Saturday, February 23, 2013

18th Century Medicine

It’s often been said that people in the 18th century only lived to be about 35 years old. It’s also been said that people lived longer if they kept away from doctors.

Medicine in the 1700’s was nothing like ours today. Germ theory was still over a hundred years away. Anatomy was in its infancy – religions forbade the dissection of humans, and so animals were cut up and results were extrapolated from there. (Humans were believed to have a liver shaped in distinct ‘lobes” since many animals do.) Doctors did not even yet understand that blood circulates through the human body.

Disease was attributed to “bad air” or “bad water” or perhaps an “imbalance in the humors of the body.”  

The belief in “bad water” had its roots in contaminated wells and springs, but was not rooted in any understanding of pollution or seeping ground water. A dead cow two miles away might be contaminating a community’s water, but no one had any way to discover this. Instead, villages held ceremonies around wells or springs that did not kill people, offering flowers and songs to bribe the spring to remain healthy. Reliably healthy water sources (think: Lourdes) developed reputations as places of healing. Certainly a person slowly dying from polluted water had a chance to recover in such a place.

Most people, if they could afford it, rarely drank water. The 3-4 percent alcohol content in beer killed most of the germs, so even children drank it. And with the belief in bad water came a terror of washing. If the water was contaminated, and there was no reliable way to find out if it was, washing in it might be deadly. This kept a vicious cycle of dirt going.

Belief in ‘bad air’ was probably linked to air-borne sickness, but was also a result of night-time mosquito raids. Burning herbs kept bugs at bay, and may have killed some germs. At any rate, they made people feel better, and the practice of fumigating a home with smoke was popular. It also, however, led to a terror of fresh air, a situation that was often unhealthy.

Doctors of the time were still practicing “philosophical medicine.” Someone- a contemporary learned man, an ancient Greek philosopher, put forward a theory, and if it sounded good people believed it. No one had yet thought of experimenting to find out if methods worked, and the placebo effect gave enough good results that doctors continued their odd treatments.

The human body was believed to run off of the interaction of four liquids, or humors. These were blood, phlegm, yellow bile and black bile. These had to exist in the proper proportions, and if they did not, the doctor would determine which was in overabundance and treat the patient to remove this humor.

To this end, patients were given concoctions to cause violent vomiting or violent diarrhea. It was believed that this regulated bile. People suffering from internal parasites may have benefitted by this. Regulating phlegm was done with diet, limiting a patient to only cold food or adding certain herbs to the diet.

Most famous was the practice of bleeding patients. Bleeding was so common that it was most often practiced by barbers, who also practiced as surgeons, the lowest sort of doctor. Contemporary accounts describe people who felt that it was time to be bled going to a barbershop and allowing the staff to open a vein until they bled out about a pint of blood. Then the wound was closed, the barber was paid, and the patient went about his or her business. A busy barbershop might have a trough to divert streams of blood into the street, where local dogs lapped it up.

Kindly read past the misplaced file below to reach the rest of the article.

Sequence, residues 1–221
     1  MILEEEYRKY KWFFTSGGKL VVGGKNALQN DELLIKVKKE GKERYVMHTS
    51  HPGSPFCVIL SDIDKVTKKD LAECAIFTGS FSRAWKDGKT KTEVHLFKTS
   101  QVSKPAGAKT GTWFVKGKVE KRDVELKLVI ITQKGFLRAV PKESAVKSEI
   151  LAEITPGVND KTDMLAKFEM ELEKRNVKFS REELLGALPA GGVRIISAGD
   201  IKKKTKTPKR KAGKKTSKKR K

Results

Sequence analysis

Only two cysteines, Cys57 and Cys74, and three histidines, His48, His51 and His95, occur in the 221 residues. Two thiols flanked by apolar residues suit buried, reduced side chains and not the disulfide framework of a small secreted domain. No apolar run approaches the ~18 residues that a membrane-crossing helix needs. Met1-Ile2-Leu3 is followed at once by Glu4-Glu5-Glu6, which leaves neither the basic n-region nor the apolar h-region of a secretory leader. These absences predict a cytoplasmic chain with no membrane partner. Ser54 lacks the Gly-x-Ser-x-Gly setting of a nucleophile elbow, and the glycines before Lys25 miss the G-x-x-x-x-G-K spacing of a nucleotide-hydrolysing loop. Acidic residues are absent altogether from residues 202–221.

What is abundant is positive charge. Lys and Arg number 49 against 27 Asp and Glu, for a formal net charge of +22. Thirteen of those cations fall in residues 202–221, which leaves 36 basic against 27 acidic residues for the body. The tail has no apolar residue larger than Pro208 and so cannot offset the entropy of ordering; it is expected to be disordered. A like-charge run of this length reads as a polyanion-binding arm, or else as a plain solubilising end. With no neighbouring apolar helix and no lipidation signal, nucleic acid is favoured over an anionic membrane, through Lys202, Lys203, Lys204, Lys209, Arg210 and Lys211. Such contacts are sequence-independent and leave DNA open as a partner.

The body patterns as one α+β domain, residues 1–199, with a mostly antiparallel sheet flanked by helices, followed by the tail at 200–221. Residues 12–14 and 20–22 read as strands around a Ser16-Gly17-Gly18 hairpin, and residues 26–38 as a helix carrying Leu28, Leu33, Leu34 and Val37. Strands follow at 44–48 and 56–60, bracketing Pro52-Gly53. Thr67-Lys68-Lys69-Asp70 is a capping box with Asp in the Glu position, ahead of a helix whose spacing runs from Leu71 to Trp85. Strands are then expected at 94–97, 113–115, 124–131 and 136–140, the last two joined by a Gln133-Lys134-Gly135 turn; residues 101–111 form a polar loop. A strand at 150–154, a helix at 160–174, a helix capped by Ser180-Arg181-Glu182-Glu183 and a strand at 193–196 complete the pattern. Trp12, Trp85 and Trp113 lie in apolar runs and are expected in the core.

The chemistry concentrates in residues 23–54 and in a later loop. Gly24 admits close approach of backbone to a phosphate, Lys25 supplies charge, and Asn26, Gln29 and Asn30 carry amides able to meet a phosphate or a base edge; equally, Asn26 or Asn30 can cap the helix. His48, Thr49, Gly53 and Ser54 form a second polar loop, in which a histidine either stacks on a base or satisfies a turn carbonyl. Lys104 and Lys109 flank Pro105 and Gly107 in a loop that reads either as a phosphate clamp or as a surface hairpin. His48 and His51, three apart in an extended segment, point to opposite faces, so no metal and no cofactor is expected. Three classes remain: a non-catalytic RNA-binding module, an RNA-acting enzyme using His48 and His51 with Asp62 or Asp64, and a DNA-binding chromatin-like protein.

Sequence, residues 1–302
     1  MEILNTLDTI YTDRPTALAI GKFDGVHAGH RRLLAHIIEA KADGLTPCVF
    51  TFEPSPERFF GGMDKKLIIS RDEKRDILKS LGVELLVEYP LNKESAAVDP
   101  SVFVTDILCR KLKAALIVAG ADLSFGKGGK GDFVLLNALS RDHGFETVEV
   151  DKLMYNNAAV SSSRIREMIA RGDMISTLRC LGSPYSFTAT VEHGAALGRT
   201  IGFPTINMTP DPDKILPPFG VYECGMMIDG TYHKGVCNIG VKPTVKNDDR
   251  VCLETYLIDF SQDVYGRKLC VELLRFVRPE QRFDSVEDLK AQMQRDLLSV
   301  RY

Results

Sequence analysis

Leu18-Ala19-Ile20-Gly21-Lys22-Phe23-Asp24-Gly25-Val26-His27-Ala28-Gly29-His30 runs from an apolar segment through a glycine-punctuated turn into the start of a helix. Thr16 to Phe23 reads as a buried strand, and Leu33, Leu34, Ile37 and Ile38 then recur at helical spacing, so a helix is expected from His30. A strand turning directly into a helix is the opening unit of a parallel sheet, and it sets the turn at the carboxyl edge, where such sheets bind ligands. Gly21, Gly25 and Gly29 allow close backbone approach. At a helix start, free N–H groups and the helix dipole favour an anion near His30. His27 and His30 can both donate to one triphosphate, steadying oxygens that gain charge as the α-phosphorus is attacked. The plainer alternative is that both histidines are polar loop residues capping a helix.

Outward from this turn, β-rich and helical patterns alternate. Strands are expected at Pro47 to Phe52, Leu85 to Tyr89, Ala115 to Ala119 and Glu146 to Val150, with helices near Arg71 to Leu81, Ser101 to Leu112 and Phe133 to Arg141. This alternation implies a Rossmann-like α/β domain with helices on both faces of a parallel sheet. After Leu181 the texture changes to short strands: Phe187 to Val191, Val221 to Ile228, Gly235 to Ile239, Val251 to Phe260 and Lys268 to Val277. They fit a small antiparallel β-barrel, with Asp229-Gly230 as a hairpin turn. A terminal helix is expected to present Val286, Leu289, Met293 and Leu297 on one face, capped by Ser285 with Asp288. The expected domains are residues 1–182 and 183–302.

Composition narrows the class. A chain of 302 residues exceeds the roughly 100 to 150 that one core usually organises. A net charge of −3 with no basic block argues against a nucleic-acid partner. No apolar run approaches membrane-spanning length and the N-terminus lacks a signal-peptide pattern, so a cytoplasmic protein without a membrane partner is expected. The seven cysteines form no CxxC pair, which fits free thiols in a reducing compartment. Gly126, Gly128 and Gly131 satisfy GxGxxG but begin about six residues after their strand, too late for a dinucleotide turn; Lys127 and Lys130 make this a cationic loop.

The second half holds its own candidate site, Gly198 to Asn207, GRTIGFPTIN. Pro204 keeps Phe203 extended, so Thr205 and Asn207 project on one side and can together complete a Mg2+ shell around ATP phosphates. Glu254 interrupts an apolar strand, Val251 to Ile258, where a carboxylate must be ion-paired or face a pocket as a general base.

The practice of bleeding continued into the early 1900’s, as old-fashioned doctors continued the practice based on the theory that “we’ve always done this” and “what harm can it do?”

Barbers were also surgeons. They cut out tumors, removed gangrenous flesh and lopped off badly damaged or severely infected limbs.  Doctors did not often get involved in this, as it wasn’t scientific. Without any form of anesthetic, the patient was tied down, plied with alcohol until he or she was blackout drunk, and then the cutting began. Getting the work done quickly minimized shock, and made it more likely the patient would survive.

A doctor might treat the wound after the surgery was done, but most patients died of infection. In fact, infection was so common that the medical establishment considered “pus’ to be a stage of healing, and if a patient had a clean wound that did not produce pus, the doctor might introduce some from another patient’s  “properly” healing wound to put things right.

All in all, any person’s best chance of living to ripe old age involved being lucky enough to have an immune system with the ferocity of a ravening lion and to keep as far away from doctors as possible.

Monday, February 18, 2013

Becoming a Pirate

Deciding to be a pirate was a life changing event. Piracy was a hanging crime. When pirates were caught, they were tried and hanged, usually in short order. In the face of such a ferocious reprisal, why would anyone want to become a pirate?

People driven to break the law with these kinds of results come from a desperate place. The people who became pirates were sailors, and the life of a sailor in the 17th and 18th century was desperately hard.

Anyone who’s a fan of pirates is familiar with pirate captains killing members of their own crew. It’s how they prove they’re in charge. They shoot some guy out-of-hand, and the rest of the crew doesn’t seem to mind. Reality was far different.

Early navy and merchant sailors were at the mercy of their captains and officers. Sailors were regularly beaten as part of their jobs, and the heavy piece of knotted rope used to do it was called a “starter,” a device to start men to work. Disobeying orders was punishable by whipping, and it was possible to whip a man to death.

Sailors were treated like animals because it was believed that the “lower classes” were little more than animals.  Poorly educated, with no training in the manners considered important at the time, often scarred by poor nutrition or hard work, sailors were considered the dregs of society. Yet at the same time, men of the poorest classes often joined the navy or the merchant marine to see the world and gain knowledge and experience denied to them on land.

In addition, life at sea was hard. Food preservation was crude, so most food was heavily salted, and often starting to decompose. Water, kept in barrels for weeks or months, was a horror show. Officers ate better because they paid for their own food, something which was denied to common sailors.